So to Broadway, a few naughty pints (race tomorrow), a meal and Cloud Atlas. Based on David Mitchell's 2004 novel, this must have been a huge challenge for the filmmakers to adapt. The book has six radically different stories from six different time periods but unlike the book, the film intertwines these. This I thought would make it impossible to follow, particularly for someone like me who prefers a linear plot, but no, it is done well and works brilliantly. I have little trouble keeping track of who's who, what's what, where’s when etc, as the film cuts seamlessly from one century to another, often cleverly dropping us in a similar situation when we arrive there.
As for the plot, well there’s a lot of it and it would be bordering on the insane to attempt to summarise it but here goes...
We start on board a ship in the 19th century with a man called Adam Ewing and a runaway slave. Then we’re off to 1930’s Britain and a bisexual English composer called Frobisher who is reading Adam Ewing diary.
Then its 1970’s San Francisco where an investigative journalist called Luisa Rey meets Frobisher’s gay lover forty years on and also reads Frobisher’s letters to him.
In present day Britain, a publisher called Cavendish receives a manuscript of a novel based on Rey's life while he is in hiding, against his will in a nursing home, from the associates of a gangster whose book he has published.
He is inspired to write a screenplay of his own story, the film of which is then watched by Sonmi, a genetically engineered fabricant in 2144 Seoul, while she is on the run.
She is executed and becomes the goddess than the tribesmen worship years later, 106 winters after ‘The Fall’, where pretty much everything has fallen apart and humanity has ended up back where it started, living in mud huts and caves.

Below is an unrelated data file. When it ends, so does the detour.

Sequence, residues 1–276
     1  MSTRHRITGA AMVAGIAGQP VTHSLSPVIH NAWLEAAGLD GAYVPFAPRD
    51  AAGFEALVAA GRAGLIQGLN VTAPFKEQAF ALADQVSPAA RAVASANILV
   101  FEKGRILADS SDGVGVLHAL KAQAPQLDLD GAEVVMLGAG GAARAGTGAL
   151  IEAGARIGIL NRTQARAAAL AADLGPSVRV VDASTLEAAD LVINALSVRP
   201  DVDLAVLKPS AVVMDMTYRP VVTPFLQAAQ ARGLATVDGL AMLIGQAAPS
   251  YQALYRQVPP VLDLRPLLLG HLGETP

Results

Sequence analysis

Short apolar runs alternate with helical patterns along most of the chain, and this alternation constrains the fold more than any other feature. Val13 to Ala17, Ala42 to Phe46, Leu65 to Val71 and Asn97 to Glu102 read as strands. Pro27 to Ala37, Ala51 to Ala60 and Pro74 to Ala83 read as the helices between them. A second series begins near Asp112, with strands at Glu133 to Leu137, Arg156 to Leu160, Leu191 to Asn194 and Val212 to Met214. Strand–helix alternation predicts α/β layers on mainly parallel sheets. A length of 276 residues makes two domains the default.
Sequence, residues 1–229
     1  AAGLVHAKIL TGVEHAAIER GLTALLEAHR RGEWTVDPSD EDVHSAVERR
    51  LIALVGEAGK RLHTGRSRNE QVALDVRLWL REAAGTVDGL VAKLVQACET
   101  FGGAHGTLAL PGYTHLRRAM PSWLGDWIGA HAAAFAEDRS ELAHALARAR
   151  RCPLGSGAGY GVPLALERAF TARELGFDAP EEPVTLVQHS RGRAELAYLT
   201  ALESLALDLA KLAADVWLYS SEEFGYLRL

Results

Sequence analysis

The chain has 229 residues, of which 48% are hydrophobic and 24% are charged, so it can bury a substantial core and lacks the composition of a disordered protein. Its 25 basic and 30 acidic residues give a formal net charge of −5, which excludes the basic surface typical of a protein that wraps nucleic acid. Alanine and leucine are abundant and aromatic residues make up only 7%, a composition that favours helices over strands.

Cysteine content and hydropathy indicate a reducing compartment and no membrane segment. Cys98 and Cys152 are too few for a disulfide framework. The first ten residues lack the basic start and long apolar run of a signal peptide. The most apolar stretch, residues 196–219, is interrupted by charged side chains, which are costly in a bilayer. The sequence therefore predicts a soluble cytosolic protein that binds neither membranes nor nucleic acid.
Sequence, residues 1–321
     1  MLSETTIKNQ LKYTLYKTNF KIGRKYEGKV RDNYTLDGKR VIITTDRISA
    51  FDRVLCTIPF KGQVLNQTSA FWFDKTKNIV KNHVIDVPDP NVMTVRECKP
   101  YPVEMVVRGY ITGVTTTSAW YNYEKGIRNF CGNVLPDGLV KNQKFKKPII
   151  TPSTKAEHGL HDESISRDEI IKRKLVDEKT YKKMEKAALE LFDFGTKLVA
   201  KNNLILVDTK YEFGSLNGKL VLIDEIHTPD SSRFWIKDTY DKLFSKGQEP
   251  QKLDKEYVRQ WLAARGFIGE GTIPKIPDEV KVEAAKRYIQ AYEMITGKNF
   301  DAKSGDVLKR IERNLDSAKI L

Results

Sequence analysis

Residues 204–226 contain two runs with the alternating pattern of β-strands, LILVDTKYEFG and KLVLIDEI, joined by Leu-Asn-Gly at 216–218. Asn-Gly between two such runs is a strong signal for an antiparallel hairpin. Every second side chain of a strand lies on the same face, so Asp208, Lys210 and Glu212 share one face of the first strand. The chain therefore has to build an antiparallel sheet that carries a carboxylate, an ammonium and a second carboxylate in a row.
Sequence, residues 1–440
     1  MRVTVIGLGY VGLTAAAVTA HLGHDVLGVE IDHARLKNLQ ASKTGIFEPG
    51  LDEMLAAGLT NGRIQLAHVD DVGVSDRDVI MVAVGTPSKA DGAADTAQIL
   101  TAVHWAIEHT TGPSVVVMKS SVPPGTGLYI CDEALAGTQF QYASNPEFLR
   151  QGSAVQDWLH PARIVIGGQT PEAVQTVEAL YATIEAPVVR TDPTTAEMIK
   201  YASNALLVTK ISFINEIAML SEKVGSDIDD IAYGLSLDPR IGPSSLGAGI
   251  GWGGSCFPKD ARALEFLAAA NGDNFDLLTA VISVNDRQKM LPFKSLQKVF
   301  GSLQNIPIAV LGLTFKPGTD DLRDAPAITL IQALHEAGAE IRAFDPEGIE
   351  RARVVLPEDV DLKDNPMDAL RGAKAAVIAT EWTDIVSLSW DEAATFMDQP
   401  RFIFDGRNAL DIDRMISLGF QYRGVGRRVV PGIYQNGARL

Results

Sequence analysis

There are many themes going on. Oppression, freedom, destiny, the gradual increasing dominance of the establishment over everything, the idea that our actions affect others throughout time and perhaps reincarnation. What fits in nicely with this reincarnation concept is the fact that all the principal actors play different characters in each story.
So Tom Hanks, Halle Berry, Hugh Grant, Jim Broadbent, Hugo Weaving, Jim Sturgess, Xun Zhou, Susan Sarandon, Keith David, James D'Arcy and Doona Bae appear many times. If you can spot them and often you can’t because they may have been aged, or had their race changed or even they may have changed their gender.
In the end credits, each actor's name appears with a clip of each of their roles. Everyone stopped to watch this, and some roles were so well disguised that there were gasps of amazement as the audience discovered who played whom.
Cloud Atlas will entertain you as much as it will infuriate you but that is no bad thing. Really though there's simply so much to debate about it, that you should just go see the film. Don't try to understand it, just enjoy it. I actually thought I was going to hate it going in but I was sorry when it finished.
You also would have thought this mad cap idea would have been a shoo-in for several Oscar nominations, Screenplay certainly, Editing, Makeup etc, if not for the acting roles which are good but not spectacular. Still, if Daniel Day Lewis can win for one good acting role, what award do you give the actors here, several of which put in six. Sadly, not a single nomination.
(Saturday 2nd March)